Institutional Learning Outcomes

Critical Thinking Rubric

Assignments and assessments that develop critical thinking skills require problem solving of some kind. This means that the student is required to answer an open-ended question, make an argument or interpretation, take a position on an issue, make a reasoned evaluation or a recommendation, produce an original work that satisfies specific requirements, etc. To help create assignments that prompt critical thinking, instructors can use the rubric below to plan the specific critical thinking skills they want their students to perform. Instructors are encouraged to design assignments that test at least three (3) criteria in each of the four categories below. The rubric can then be used to assess the student artifact—as Excellent, Good, Minimally Competent, and Deficient—according to the number of criteria demonstrated divided by the number of criteria required by the assignment.

  • Demonstrates understanding of the terms, concepts, and principles of the subject matter.
  • Demonstrates understanding of the assigned material.
  • Documents texts and resources appropriately (avoiding plagiarism).
  • Communicates in language appropriate to college contexts; or, if appropriate, communicates effectively in the language (or equivalent means) of the discipline.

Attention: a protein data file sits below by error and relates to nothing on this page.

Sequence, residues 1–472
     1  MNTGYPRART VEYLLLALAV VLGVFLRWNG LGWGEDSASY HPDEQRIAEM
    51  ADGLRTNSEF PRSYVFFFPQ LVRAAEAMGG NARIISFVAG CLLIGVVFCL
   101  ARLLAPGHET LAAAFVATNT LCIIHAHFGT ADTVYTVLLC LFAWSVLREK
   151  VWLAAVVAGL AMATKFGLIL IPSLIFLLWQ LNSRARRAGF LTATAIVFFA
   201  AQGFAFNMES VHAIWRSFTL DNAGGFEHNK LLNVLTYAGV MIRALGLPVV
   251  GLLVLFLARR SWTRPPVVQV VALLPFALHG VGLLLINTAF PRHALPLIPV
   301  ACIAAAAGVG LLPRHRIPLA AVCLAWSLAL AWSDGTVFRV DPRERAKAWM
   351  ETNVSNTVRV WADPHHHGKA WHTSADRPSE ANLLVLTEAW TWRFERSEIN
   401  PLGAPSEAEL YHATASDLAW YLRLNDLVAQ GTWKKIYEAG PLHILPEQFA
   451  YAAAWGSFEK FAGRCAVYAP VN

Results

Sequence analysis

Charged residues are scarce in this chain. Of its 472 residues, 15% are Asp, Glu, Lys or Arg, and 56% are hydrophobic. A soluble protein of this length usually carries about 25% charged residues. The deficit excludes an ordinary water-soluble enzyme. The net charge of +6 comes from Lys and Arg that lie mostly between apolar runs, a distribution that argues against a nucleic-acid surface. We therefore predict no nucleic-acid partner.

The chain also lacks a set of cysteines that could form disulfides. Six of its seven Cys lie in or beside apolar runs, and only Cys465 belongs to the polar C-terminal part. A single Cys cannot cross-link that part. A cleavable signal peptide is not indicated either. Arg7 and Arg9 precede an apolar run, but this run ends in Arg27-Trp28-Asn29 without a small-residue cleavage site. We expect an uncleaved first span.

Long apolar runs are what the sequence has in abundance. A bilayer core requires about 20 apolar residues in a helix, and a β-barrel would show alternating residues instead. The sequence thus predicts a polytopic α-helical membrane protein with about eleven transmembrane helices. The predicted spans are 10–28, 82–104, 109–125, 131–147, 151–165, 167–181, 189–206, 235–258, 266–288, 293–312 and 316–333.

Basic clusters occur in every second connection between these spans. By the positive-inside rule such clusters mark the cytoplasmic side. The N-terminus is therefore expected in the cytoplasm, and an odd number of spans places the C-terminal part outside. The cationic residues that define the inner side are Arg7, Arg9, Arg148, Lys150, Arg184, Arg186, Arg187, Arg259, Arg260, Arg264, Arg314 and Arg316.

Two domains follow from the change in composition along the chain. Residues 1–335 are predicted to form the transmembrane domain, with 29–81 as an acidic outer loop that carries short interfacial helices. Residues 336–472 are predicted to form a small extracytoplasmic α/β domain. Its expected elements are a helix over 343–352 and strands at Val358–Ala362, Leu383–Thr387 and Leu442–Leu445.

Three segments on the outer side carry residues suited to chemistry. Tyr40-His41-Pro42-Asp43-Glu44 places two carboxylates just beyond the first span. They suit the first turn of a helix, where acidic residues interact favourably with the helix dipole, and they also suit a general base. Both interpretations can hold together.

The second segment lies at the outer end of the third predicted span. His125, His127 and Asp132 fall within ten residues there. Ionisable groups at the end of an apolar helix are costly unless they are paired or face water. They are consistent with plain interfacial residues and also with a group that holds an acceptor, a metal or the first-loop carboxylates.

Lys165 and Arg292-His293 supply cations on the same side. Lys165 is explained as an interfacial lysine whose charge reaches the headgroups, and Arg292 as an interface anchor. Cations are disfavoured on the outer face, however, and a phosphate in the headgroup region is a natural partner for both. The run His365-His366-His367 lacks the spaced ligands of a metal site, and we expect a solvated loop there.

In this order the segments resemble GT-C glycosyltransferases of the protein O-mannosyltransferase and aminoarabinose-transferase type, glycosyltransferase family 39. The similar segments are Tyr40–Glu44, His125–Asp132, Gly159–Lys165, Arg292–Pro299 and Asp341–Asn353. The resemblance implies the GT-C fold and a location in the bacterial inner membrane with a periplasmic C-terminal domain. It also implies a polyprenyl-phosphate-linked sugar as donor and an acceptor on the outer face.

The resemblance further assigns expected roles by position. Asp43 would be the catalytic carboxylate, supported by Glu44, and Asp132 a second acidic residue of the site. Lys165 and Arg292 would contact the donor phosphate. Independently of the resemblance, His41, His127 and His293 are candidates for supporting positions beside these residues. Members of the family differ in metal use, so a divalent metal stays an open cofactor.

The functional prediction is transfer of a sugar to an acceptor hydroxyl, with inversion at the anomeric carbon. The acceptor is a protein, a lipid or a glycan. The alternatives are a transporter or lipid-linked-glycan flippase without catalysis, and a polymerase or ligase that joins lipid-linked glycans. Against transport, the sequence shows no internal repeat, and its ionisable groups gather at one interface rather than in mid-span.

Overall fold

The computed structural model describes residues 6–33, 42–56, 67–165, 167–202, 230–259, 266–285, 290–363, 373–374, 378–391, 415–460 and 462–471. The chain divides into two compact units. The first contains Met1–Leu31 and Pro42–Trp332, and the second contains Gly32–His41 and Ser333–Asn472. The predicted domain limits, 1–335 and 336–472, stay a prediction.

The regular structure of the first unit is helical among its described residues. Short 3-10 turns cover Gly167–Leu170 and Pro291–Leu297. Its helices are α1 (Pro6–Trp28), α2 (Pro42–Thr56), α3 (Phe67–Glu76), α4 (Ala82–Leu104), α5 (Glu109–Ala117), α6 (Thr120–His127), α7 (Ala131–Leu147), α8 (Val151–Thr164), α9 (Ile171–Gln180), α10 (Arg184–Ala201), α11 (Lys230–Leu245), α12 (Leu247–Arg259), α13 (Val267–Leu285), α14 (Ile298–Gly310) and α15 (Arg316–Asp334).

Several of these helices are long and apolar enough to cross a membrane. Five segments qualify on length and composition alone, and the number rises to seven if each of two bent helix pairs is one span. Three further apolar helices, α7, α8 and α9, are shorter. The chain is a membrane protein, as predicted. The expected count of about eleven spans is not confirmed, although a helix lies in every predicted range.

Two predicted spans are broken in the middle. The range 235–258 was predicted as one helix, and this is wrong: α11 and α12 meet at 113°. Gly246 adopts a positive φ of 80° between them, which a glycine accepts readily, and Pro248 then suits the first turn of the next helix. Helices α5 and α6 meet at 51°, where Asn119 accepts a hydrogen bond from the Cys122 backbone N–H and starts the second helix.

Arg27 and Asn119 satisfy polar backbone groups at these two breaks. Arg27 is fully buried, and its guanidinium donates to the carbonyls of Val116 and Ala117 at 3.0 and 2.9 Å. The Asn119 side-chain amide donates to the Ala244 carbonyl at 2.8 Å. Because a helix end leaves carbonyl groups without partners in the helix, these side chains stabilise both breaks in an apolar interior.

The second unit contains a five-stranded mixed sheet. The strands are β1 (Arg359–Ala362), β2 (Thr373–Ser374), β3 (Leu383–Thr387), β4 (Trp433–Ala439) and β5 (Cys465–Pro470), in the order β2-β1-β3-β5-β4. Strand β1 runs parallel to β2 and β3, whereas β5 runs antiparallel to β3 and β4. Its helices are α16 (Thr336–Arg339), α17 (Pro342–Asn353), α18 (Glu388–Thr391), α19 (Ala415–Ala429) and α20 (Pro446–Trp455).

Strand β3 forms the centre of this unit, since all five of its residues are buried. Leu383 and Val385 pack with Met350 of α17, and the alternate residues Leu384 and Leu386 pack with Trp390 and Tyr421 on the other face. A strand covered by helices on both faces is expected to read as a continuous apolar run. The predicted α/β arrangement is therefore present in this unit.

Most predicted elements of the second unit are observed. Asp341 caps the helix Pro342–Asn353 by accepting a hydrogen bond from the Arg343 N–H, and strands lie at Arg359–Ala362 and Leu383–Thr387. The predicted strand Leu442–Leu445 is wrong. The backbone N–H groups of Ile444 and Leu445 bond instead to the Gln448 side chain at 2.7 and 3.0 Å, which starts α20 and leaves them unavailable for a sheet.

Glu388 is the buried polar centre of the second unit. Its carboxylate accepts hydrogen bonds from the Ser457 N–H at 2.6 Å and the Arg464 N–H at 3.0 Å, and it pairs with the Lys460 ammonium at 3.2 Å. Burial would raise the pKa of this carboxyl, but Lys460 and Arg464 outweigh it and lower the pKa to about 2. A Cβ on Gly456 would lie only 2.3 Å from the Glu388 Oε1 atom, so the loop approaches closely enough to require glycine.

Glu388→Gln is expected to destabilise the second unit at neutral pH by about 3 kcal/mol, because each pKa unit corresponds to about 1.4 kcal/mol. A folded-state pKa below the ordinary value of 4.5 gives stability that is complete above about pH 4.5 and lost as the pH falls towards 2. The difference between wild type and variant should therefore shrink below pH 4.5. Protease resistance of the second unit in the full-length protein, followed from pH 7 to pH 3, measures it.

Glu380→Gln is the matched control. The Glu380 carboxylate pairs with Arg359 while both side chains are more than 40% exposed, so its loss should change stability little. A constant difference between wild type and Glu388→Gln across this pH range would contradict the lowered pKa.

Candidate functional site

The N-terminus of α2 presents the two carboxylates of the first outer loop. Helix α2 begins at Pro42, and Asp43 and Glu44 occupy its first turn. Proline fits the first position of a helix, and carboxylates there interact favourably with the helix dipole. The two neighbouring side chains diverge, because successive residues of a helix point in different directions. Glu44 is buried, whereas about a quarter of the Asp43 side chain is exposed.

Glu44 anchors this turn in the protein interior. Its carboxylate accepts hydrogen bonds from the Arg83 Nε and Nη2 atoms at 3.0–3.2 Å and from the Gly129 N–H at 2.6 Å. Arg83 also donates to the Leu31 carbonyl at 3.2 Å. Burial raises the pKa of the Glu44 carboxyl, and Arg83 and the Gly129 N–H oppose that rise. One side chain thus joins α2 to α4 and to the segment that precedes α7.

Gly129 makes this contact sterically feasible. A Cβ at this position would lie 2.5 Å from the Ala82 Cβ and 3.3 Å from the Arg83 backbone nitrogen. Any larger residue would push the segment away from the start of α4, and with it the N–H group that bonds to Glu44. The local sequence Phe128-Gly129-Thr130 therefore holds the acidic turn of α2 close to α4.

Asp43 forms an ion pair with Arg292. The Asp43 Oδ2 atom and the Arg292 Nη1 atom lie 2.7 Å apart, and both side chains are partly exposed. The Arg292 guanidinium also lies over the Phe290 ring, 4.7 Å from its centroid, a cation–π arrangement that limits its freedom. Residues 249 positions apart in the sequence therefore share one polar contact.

• Exhibits insight and independent thinking/original ideas.
  • Applies theoretic concepts/schema to varied contexts.

  • Uses analytic and inquiry methods appropriate to the discipline.
  • Makes a coherent argument or adheres to a controlling idea/thesis.
  • Makes/Identifies salient points and arguments, such as pro/con, reasons/claims, comparison/contrast, cause/effect, etc.
  • Organizes information/ideas into appropriate and coherent patterns.
  • Interprets evidence, statements, graphics, questions, etc., in fair/accurate ways.
  • Supports stance/position with relevant reasons and ample evidence.
  • Asks/Answers important questions.
  • Raises/Identifies debatable issues.
  • Critiques key questionable assumptions.
  • Recognizes ambiguity and, where possible, provides clarity.
  • Acknowledges/Clarifies relevant contrary opinions, competing interpretations, or alternative points of view and, where appropriate, accepts multiplicity (rather than black and white thinking).
  • Evaluates validity and credibility of sources and material used for support or as evidence.
  • Addresses an appropriate audience.
  • Generates warranted, judicious, non-fallacious conclusions or evaluations.
  • Hypothesizes important implications and consequences.
  • Synthesizes/Reconciles ideas, opinions, and information from various sources.
  • Assesses/Solves a problem within the discipline or posed by the assignment.
  • Applies knowledge and skills of the discipline to increased social awareness or self-perception.

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